So here's 10 characters I relate a little too well to... :P Or, well, the first 5. Life's been crazy and I didn't quite have enough time to finish up all 10 today. Sorry! Will post the latter half next time, promise!

10. Belle (Beauty and the Beast)

Disney

Belle was one of my earliest "Disney Princess" experiences, so she'll always have a special place in my heart. When I was three years old, quoting the entire "Belle" opening sequence--both dialogue and song lyrics--was almost a daily routine for me.
I think what really captivated me was Belle's love for books. Even at that age, I loved books. Stories could transport me to places where princesses were real and a happy ending was right around the corner. So it was wonderful to see a character who loved books and stories just as much as I did.

I think it's safe to say Belle is a pretty relatable character for a lot of girls, not just me. Maybe it's just the fact she doesn't quite belong among her peers or the fact that everyone else thinks she's just a liiiittle off her rocker; but either way, Belle speaks to a lot of people who think, "I don't fit in." The great thing about Belle is that she proves it's totally OK if you don't fit in--it probably means you haven't found the place you're meant to be. Keep trying, be yourself, and you'll find a group of friends who recognizes you for the treasure you are.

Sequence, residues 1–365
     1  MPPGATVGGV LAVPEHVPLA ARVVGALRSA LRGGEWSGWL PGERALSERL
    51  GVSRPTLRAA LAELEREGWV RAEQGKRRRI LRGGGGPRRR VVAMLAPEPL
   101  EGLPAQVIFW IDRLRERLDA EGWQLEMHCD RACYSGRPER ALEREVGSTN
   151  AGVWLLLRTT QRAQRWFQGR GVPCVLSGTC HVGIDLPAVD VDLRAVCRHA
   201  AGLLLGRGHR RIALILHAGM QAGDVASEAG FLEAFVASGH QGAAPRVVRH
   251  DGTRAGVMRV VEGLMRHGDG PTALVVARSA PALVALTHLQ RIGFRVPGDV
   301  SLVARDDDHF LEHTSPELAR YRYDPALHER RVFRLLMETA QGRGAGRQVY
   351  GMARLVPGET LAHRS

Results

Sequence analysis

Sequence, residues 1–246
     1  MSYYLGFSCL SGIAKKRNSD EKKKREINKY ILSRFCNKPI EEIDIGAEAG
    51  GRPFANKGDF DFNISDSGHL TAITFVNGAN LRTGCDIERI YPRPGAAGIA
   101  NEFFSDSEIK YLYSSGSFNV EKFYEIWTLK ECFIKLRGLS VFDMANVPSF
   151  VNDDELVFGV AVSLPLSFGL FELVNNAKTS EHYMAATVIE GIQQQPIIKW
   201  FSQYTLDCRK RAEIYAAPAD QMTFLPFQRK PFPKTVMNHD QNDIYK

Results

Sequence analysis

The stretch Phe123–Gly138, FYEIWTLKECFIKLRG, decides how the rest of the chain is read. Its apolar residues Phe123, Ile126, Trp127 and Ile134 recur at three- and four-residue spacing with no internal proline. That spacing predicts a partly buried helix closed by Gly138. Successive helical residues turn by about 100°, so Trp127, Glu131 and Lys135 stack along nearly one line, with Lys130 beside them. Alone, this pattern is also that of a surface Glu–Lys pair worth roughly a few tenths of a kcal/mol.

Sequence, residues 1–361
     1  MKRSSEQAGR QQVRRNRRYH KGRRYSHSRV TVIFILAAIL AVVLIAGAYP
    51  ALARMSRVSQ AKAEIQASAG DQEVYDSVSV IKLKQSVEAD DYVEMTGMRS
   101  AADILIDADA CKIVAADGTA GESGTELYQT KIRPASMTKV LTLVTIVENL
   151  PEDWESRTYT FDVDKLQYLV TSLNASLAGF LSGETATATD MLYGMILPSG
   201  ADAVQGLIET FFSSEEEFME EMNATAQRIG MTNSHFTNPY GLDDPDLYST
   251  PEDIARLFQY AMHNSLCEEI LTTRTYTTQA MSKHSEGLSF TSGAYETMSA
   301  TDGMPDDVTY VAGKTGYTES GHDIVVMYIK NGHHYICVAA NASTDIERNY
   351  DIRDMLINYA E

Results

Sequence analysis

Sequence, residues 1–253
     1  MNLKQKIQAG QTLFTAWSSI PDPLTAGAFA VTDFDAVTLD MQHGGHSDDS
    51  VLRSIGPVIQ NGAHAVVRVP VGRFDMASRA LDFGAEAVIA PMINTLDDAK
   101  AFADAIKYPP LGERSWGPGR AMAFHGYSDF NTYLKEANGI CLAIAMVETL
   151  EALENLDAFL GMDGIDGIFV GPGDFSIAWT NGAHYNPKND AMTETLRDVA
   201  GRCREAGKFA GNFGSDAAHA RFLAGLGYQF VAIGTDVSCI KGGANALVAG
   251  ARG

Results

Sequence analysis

9. Eowyn (The Lord of the Rings)

New Line Cinema

On the opposite end of the spectrum, we have Eowyn. Although she's proud and strong, she's also extremely vulnerable and knows it. Eowyn is trapped in her own home, watching her family fall apart and seeing her dreams slip further and further away--and all while knowing there's nothing she can do to stop it.

Although what I relate to most about Eowyn is the fact she experiences all these fears while feeling so incredibly alone. I know all too well the fear and self-loathing that Eowyn feels as Wormtongue whispers, "But you are alone." There are those nights when I feel like I am absolutely alone in the world, trapped in my own mind with my raging emotions that are threatening to swallow me whole--and worse, that I've been abandoned to them. That no one cares, and even if they did, they're helpless to save me as I drown in the wave crashing toward me.

Best of all, Eowyn not only shows the two kids of struggles in life (the ones we need to overcome by ourselves and the ones that require us to turn to others for help), but even better, she shows that there's no shame in either. Eowyn was powerless to lift the curse off her uncle, Theoden: she needed Gandalf for that. But that didn't mean she was helpless or shameful or useless or just a damsel in distress. On the contrary, when the time comes, she proves she's just as valiant as any other Rohirrim warrior. Her vulnerability and fear combined with her strength to fight through it make Eowyn a relatable character for anyone, regardless of their gender.


8. Akane Tsunemori (Psycho-Pass)

Production I.G

I think anybody can relate to having a bad first day on the job and wondering if you're really cut out for it. And that's just the beginning of Akane's story.

In a dystopian Big-Brother future, after basically being told she's qualified to take almost any job she desires, Akane takes a job working as the equivalent of a cop. All her coworkers are just shy of laughing her off: after all, she's a mouse in a lion's den... until she starts to prove herself more capable than they thought.